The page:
Powder makers found that it was best to make powder in a water mix and then dehydrate it because the results were more consistent and the process was much safer. This process of corning powder was developed early in the 15th century. The addition of water while processing the materials avoided the problem of building up excessive heat from the friction of grinding the materials. This also facilitated the application of powered mixing equipment to the process so that larger batches of powder could be made.
A Ball Tumbler Mill Used in the Thorough Mixing of Chemical Powders.
Parke, Davis and Company, Manufacturing Chemists, Detroit, Michigan.
Photo: Arthur S. Siegel.
Farm Security Administration.
Office of War Information Photograph Collection.
Library of Congress.
For large batches of powder, a mechanical device needed to be used because mixing the materials is extremely laborious. Mechanized processing became common in the 15th century. Waterpower was used to drive early mechanized powder processing equipment. Today, electrically driven ball mills are used. Powder makers found it to be somewhat safer to pulverize the charcoal and sulfur together and then crush the potassium nitrate in a separate operation. These two materials were then mixed in an additional grinding operation. Eventually, the materials form black powder.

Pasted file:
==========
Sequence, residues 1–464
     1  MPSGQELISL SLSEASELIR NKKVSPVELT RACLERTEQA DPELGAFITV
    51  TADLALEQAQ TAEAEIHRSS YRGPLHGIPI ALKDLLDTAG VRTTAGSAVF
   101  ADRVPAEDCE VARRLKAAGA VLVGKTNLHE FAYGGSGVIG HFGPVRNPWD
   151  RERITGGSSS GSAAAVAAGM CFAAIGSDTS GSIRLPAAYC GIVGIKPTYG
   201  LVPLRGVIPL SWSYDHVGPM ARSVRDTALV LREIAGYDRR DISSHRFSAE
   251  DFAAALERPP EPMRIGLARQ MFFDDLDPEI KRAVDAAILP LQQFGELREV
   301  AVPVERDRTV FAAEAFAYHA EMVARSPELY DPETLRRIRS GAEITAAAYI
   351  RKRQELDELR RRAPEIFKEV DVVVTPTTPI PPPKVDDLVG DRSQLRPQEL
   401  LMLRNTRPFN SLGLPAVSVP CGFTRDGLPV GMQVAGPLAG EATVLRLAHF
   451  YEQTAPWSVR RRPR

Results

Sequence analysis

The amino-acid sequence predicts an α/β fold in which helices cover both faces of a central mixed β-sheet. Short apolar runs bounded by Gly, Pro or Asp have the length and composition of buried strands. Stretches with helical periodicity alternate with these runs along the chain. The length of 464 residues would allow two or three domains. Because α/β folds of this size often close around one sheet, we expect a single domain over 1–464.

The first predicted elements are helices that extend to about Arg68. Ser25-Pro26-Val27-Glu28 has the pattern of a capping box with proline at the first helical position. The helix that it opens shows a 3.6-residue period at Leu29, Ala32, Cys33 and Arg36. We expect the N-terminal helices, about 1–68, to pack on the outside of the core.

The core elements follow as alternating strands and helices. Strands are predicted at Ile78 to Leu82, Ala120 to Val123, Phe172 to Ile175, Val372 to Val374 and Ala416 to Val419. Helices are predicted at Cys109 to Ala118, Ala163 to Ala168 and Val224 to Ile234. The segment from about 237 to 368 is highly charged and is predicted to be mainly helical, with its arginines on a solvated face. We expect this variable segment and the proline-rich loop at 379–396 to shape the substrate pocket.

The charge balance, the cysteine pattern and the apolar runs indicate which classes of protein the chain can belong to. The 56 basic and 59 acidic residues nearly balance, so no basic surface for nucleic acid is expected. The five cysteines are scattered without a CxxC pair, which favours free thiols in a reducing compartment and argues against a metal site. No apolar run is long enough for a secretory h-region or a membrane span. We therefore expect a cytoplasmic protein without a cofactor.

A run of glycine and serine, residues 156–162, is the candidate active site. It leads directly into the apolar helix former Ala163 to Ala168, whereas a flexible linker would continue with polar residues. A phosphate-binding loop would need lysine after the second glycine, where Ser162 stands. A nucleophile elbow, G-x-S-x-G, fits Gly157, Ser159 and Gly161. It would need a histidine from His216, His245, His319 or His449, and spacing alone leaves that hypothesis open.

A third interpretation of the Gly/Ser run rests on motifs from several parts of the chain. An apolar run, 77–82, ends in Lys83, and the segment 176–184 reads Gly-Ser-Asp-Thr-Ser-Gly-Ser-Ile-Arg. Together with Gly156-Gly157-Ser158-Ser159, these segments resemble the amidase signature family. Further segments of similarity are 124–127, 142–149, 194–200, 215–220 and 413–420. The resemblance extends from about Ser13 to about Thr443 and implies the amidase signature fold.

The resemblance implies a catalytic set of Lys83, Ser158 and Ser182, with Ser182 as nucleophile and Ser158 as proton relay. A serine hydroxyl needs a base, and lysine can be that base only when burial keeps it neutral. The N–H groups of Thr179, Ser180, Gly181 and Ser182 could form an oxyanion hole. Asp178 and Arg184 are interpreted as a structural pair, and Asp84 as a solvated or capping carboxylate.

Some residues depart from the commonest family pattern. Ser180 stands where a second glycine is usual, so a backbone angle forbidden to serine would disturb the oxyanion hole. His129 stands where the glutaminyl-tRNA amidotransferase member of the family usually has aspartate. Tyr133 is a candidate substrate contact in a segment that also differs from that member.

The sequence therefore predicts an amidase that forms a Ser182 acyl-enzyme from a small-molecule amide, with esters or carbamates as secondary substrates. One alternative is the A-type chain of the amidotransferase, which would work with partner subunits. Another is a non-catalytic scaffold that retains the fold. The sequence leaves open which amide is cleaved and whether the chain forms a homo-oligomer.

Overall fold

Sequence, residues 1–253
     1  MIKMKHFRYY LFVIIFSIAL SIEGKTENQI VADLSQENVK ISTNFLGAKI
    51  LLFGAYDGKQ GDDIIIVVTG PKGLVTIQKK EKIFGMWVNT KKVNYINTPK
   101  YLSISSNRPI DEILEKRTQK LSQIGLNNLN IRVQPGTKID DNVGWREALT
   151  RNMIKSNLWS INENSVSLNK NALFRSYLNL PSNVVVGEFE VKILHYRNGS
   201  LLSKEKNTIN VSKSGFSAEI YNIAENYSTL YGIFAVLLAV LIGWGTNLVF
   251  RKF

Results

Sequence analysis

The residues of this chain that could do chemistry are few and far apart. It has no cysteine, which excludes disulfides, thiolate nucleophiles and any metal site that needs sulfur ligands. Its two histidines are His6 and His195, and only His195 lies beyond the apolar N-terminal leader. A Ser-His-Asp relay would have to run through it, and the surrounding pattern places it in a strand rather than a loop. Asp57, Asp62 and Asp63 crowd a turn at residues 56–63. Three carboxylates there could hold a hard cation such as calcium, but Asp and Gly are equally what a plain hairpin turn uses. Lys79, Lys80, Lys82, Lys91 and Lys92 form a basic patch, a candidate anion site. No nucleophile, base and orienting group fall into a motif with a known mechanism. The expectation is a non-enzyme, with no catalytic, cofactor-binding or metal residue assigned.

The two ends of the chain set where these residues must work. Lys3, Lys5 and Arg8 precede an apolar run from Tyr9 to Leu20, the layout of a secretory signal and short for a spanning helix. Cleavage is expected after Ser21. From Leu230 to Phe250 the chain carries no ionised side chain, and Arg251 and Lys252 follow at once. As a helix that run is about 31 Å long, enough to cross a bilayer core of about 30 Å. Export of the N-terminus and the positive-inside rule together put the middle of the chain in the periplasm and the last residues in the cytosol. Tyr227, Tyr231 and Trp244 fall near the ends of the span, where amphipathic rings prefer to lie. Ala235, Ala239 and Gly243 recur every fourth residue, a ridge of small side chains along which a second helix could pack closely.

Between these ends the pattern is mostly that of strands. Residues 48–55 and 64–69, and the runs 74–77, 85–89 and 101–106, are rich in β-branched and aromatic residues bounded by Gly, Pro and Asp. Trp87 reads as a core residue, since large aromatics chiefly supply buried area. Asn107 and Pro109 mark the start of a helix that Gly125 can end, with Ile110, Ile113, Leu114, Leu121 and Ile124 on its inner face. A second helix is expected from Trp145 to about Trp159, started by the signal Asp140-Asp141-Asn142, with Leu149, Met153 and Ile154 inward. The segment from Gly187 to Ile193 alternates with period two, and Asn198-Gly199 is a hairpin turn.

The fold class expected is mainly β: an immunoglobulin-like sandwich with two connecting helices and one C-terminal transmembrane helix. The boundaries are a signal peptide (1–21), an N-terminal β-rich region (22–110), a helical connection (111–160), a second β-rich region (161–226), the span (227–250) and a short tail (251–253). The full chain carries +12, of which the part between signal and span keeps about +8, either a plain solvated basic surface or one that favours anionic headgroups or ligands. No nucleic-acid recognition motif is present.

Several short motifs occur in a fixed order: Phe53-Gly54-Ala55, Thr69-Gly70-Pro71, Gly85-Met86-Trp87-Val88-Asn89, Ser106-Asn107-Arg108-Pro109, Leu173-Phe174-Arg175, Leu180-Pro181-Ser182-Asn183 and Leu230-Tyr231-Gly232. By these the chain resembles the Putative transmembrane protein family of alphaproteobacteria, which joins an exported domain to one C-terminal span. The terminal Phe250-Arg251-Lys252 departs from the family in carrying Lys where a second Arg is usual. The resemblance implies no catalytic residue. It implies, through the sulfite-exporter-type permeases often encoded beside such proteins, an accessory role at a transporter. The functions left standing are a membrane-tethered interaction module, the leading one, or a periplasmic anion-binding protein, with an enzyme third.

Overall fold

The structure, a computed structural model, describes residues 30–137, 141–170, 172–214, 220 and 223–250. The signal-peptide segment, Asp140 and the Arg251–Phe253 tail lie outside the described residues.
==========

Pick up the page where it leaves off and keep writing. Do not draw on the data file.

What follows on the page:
Sandycroft Industrial Stamp Mill, 1893.
The Sandycroft Foundry & Engine Company, Limited.
Lithograph: The Graphotone Company; Bush Hill Park, Enfield, Middlesex.
After the grinding operations, the material was pressed and dried into sheets or cakes. After it had dried, it was sent through a stamp mill with a series of mechanically tripped wooden hammers that beat the material into grains. Wooden apparatus was used to avoid sparks that caused explosions. The grains were then tumbled to remove sharp edges and then screened to obtain a consistent particle size. In later years, graphite was added to the final tumbling process to seal the grains from absorbing moisture so easily. Grains that were not of a suitable size could be recycled back into the wet slurry to make more powder.
This process formed various sized particles and the larger ones were called corns because they were about the same size as a grain of maize. Powder made from the large grains was called corned powder. Powder makers and artillerymen found the larger particles made a better powder and corned powder was highly sought after. Its physical and chemical properties were far more consistent because it was mixed more thoroughly; and this avoided some of the problems of decomposition that afflicted serpentine powder.